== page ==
The VA to the Rescue

Shirley and her daughter Betsy recently visited the office of an elder law attorney. Betsy was concerned because her mom recently entered an assisted living facility and did not have sufficient income to pay the monthly cost. Shirley only had $90,000.00 in assets and her monthly shortfall to the assisted living facility was $1,100.00. Shirley knew her assets would not last long and she wanted to make sure she had as many options as possible.

After a brief conversation with the attorney, she discovered that Shirley’s husband was a veteran of World War II who had served for two years. Even though Shirley’s husband died eight years ago, the attorney was excited to tell them that Shirley may be eligible for a little known but important benefit of up to $1056.00 per month from the Veterans Administration. Shirley was confused as her husband was not retired military. She had talked to the Veterans Administration and was advised no benefit was available to her. The attorney explained that the benefit was for veterans or their surviving spouse to help pay medically-related expenses, and while Shirley was not currently qualified for the benefit, the attorney told her that with some simple planning, she could be eligible in less than 30 days.

In order to qualify for this benefit, three criteria must be met. First, the veteran (Shirley’s husband) must have served a minimum of 90 days in active duty. Shirley was confident this requirement had been met. The second requirement was that at least one of the 90 days of active duty must have been served during wartime. Since Shirley’s husband served in World War II, she was confident he had met that condition. The third requirement was that Shirley must be able to meet certain income and asset criteria. Shirley became concerned because the attorney told her that she had too much money to qualify, however, he assured her that with some simple planning, she would be eligible within 30 days. Shirley was ecstatic. She began planning with the attorney immediately and he assisted her in applying for benefits the next month. Shirley now receives $1,056.00 each month from the Veterans Administration to help pay for her assisted living care. Shirley was relieved to know that the benefit would continue even if she was able to return home. Both Shirley and Betsy were thrilled that they were able to preserve Shirley’s assets and provide her with many options for the long term.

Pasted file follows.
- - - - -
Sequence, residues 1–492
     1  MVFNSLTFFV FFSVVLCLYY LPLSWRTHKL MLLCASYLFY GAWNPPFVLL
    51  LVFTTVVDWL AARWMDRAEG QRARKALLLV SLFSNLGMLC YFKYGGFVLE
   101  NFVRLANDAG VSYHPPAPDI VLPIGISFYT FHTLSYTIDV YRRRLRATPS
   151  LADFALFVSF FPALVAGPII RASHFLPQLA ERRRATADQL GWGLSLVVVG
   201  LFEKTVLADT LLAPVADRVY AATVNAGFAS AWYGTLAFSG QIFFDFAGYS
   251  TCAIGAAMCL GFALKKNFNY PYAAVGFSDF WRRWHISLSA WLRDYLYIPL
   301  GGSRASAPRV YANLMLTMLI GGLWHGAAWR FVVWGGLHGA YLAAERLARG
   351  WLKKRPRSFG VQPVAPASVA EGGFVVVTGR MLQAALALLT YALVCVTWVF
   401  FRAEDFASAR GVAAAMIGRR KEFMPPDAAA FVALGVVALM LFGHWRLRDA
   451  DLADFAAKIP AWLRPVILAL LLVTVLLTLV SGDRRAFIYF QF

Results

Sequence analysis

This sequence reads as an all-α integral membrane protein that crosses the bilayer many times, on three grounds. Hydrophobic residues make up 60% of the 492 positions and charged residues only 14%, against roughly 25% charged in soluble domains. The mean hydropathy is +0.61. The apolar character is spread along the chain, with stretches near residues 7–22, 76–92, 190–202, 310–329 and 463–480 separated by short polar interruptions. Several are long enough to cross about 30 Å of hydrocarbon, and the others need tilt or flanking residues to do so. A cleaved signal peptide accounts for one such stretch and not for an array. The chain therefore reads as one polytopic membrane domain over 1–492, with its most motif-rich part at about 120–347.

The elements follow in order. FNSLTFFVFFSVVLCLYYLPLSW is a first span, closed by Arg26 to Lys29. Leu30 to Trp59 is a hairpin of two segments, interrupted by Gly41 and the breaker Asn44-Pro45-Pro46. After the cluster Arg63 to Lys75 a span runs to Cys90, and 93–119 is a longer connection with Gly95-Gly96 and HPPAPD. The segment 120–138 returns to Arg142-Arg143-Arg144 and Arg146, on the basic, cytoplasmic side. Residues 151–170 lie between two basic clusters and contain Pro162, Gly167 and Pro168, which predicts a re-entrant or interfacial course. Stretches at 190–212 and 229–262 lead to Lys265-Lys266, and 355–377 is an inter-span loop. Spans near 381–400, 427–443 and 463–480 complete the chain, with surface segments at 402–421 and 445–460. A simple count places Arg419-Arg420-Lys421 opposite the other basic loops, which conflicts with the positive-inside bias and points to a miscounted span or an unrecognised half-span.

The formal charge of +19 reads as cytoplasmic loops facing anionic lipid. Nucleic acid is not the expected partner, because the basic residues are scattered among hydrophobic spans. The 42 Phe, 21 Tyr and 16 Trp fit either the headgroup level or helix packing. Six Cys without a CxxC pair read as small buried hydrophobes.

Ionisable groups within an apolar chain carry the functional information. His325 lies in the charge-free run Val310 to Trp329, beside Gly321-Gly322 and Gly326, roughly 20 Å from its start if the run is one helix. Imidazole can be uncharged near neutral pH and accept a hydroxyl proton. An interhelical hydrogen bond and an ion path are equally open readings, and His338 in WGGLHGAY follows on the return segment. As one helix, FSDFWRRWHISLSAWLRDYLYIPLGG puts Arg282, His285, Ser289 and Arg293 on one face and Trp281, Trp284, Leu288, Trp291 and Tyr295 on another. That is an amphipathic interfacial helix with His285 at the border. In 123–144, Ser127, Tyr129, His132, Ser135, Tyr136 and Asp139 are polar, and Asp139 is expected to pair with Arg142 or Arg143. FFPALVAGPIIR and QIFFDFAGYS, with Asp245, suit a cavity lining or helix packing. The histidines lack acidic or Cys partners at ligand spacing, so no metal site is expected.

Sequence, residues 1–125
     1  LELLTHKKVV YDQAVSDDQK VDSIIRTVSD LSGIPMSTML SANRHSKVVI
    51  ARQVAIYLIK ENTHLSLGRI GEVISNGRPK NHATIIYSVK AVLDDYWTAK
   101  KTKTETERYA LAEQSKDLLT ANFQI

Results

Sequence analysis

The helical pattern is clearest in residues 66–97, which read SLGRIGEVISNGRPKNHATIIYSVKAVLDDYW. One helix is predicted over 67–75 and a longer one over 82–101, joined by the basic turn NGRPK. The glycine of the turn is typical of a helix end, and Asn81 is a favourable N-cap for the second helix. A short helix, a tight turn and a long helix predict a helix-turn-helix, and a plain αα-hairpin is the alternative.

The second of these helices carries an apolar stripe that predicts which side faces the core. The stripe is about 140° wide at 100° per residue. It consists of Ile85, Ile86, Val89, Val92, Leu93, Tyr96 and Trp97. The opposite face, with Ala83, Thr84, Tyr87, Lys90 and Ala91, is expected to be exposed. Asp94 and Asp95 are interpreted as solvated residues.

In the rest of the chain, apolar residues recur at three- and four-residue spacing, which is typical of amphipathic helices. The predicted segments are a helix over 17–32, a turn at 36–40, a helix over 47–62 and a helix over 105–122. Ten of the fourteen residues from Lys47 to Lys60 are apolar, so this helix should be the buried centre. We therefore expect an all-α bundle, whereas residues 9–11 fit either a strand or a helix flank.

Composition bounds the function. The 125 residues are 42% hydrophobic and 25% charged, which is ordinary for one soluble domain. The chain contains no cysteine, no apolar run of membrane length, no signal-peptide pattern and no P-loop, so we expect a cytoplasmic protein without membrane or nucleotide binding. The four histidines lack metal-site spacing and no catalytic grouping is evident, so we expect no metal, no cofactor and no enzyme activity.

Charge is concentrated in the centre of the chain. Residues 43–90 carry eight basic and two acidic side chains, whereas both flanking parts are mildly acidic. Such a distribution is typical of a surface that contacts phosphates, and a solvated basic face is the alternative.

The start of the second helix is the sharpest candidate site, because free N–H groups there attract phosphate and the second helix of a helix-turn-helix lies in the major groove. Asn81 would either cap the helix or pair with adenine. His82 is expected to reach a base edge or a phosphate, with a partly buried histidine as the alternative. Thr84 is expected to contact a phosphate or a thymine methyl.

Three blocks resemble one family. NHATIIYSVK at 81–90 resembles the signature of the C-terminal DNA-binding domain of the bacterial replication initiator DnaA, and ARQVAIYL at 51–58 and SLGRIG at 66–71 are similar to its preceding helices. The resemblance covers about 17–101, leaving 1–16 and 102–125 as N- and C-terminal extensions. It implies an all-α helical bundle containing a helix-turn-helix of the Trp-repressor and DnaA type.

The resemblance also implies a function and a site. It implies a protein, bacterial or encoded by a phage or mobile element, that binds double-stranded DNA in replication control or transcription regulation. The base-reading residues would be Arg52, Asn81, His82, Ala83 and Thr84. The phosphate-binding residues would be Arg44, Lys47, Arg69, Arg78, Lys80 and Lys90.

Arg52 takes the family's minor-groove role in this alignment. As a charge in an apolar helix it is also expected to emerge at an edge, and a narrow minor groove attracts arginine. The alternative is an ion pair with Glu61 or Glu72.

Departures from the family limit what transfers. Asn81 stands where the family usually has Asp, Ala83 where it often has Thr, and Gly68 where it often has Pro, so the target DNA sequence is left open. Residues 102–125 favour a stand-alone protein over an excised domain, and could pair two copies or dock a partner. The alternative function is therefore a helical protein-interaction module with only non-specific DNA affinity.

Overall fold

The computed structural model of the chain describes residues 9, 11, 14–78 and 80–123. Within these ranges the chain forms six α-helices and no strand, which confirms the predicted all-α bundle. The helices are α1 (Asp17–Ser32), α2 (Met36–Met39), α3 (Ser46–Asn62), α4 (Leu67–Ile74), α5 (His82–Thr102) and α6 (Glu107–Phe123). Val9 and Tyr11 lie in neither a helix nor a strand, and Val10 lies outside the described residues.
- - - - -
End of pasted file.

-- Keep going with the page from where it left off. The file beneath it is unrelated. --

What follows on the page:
A surviving spouse, who qualifies for this Veterans’ Aid and Attendance Benefit, normally would receive $1,056.00 per month as a surviving spouse of a veteran. A single or widowed veteran may receive up to $1,644.00 per month. If the veteran is married, he or she can receive up to $1,949.00 per month.

Only an attorney or agent who is accredited with the Veterans Administration can assist with the application for benefits. As an accredited attorney, he/she is unable to charge Shirley for any work assisting with the application. The McCoy Law Firm, LLC has attorneys with the Veterans Administration who are ready to help you determine if your client qualifies for these benefits.

If this type of planning is interesting to you, please call our office to set up a time to discuss VA planning.